Bloomberg: Gulf States Are Backpedaling on Iran
By Staff, Bloomberg
An expanded soccer tournament, a direct flight, clandestine meetings and a pledge to release prisoners of war; diplomacy is breaking out as Gulf Arab nations back away from a Donald Trump-inspired confrontation with Iran. And the signs are everywhere.
Last week, Saudi Arabia, the United Arab Emirates and Bahrain played their first games of the 2019 Arabian Gulf Cup in Qatar after a last-minute decision to take part.
Meanwhile, Oman is quietly hosting high-level meetings, and even Iranian President Hassan Rouhani has hinted at direct channels with the UAE.
Spooked by the prospect of a catastrophic war with Iran and its allies across the region, Gulf monarchies are in the midst of a strategic rethink. The UAE, whose economic model relies in large part on its international links, quickly realized it had most to lose from a military escalation. It had pulled out most of its troops from Yemen by the end of a turbulent summer that saw oil tankers targeted and a US drone downed in the Gulf without significant American response.
While the humanitarian catastrophe unleashed by the war on Yemen trained an unwelcome spotlight on Saudi Arabia, it took a brazen strike on Saudi oil installations – which knocked out half the country’s crude production – to ram home the risks and prove that Trump was not about to ride to his allies’ rescue.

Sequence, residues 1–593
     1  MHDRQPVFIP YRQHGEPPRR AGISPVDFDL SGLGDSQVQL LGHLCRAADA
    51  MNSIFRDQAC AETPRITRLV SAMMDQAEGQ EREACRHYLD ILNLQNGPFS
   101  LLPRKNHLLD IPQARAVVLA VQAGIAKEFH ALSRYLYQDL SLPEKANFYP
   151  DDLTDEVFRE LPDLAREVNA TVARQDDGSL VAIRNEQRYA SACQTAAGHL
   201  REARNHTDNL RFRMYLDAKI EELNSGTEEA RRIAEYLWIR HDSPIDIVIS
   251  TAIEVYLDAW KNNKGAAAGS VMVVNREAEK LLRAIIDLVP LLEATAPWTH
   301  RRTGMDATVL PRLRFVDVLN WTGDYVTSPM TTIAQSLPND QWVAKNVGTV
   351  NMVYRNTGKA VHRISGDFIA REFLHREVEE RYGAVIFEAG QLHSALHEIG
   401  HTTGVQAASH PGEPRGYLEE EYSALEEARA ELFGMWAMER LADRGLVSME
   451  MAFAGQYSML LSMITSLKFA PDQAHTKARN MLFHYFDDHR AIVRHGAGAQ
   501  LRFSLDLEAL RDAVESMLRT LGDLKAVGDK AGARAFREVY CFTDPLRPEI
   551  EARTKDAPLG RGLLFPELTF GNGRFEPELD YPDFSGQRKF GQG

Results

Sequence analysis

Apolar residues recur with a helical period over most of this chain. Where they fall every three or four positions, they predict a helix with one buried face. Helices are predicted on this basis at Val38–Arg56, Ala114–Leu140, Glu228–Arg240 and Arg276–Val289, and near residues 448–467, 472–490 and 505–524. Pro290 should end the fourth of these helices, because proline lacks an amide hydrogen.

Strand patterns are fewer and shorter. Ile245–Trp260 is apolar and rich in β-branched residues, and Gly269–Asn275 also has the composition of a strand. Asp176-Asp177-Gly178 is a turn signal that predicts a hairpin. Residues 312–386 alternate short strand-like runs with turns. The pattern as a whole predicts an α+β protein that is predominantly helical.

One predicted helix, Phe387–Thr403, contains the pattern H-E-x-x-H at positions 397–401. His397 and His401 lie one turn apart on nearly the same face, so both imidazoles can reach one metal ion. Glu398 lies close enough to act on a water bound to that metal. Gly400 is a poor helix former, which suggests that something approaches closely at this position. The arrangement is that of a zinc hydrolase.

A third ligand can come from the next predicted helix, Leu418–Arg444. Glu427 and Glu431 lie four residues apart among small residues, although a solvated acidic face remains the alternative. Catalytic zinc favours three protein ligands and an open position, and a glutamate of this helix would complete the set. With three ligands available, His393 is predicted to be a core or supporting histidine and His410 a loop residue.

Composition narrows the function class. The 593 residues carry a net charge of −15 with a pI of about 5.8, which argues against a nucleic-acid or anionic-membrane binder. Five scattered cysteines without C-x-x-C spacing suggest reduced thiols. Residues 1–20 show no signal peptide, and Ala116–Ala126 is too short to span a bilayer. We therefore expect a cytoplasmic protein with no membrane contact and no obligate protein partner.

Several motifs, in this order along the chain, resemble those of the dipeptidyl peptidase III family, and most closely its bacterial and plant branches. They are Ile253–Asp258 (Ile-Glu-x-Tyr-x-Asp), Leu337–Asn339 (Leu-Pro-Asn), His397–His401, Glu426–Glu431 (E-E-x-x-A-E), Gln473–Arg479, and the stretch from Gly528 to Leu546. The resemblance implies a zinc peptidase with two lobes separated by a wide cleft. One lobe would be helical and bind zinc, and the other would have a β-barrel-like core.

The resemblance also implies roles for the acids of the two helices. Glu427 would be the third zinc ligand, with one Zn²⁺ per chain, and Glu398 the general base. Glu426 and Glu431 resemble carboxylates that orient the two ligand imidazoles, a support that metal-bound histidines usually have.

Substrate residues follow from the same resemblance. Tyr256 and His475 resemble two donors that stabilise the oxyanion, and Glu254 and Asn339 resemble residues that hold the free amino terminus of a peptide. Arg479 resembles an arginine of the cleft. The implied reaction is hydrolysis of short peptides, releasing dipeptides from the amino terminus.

“The attacks shattered any illusion of this magical US security umbrella,” said David Roberts, an assistant professor at King’s College London who studies the Gulf. “It burst the bubble and showed that Iran had the willingness to both do something astonishing like the attack on Aramco facilities and the capability to carry it out.”
In the meantime, the Trump administration withdrew last year from the Joint Comprehensive Plan of Action [JCPOA], known commonly as the 2015 Iran nuclear deal and re-imposed sanctions that have crippled its oil exports.
Rolling back Iran’s power remains a priority for the Gulf Arab leadership. There’s an increasing recognition, however, that no one stands to gain from a military escalation in the world’s top oil-exporting region.
In search of a breakthrough, Pakistani Prime Minister Imran Khan, shuttled between Tehran and Riyadh in October. He met Leader of the Islamic Revolution His Eminence Imam Sayyed Ali Khamenei and Iranian President Sheikh Hassan Rouhani, as well as Saudi Arabia’s King Salman and Crown Prince Mohammad bin Salman [MBS], describing talks as “encouraging.”
As they explore ways forward, Gulf States are moving at different speeds.
The UAE broke with the US and Saudi Arabia by not naming Iran as the culprit behind attacks in May and June on oil tankers as they sailed toward the Strait of Hormuz, the world’s foremost oil shipping chokepoint.
It sent coast guard officials to Iran for the first time in six years and Rouhani hinted at other meetings with senior UAE officials. “We’re moving toward improved relations,” he said Oct. 14. Saudi Arabia is catching up.
However, where the US holds back, others are crowding in. Russian President Vladimir Putin has forged a partnership with Iran, created an oil alliance with Saudi Arabia and built ties with Egypt’s Abdel-Fattah El-Sisi, who was warned by the US last month against plans to purchase Russian jets.
Putin traveled to Saudi Arabia and the UAE in October after visits by the Saudi king and the UAE’s de-facto leader Mohammad bin Zayed to Moscow. The two Gulf countries and Russia have signed deals valued at billions of dollars.
For Iran’s Rouhani, the case for regional engagement is obvious.
“Don’t you know that Iran is going to stay here and we will remain neighbors throughout history?” he has said, referring to Iran’s Arab neighbors. “Trump will only be around for a few years and will go back to whatever it was he was doing.”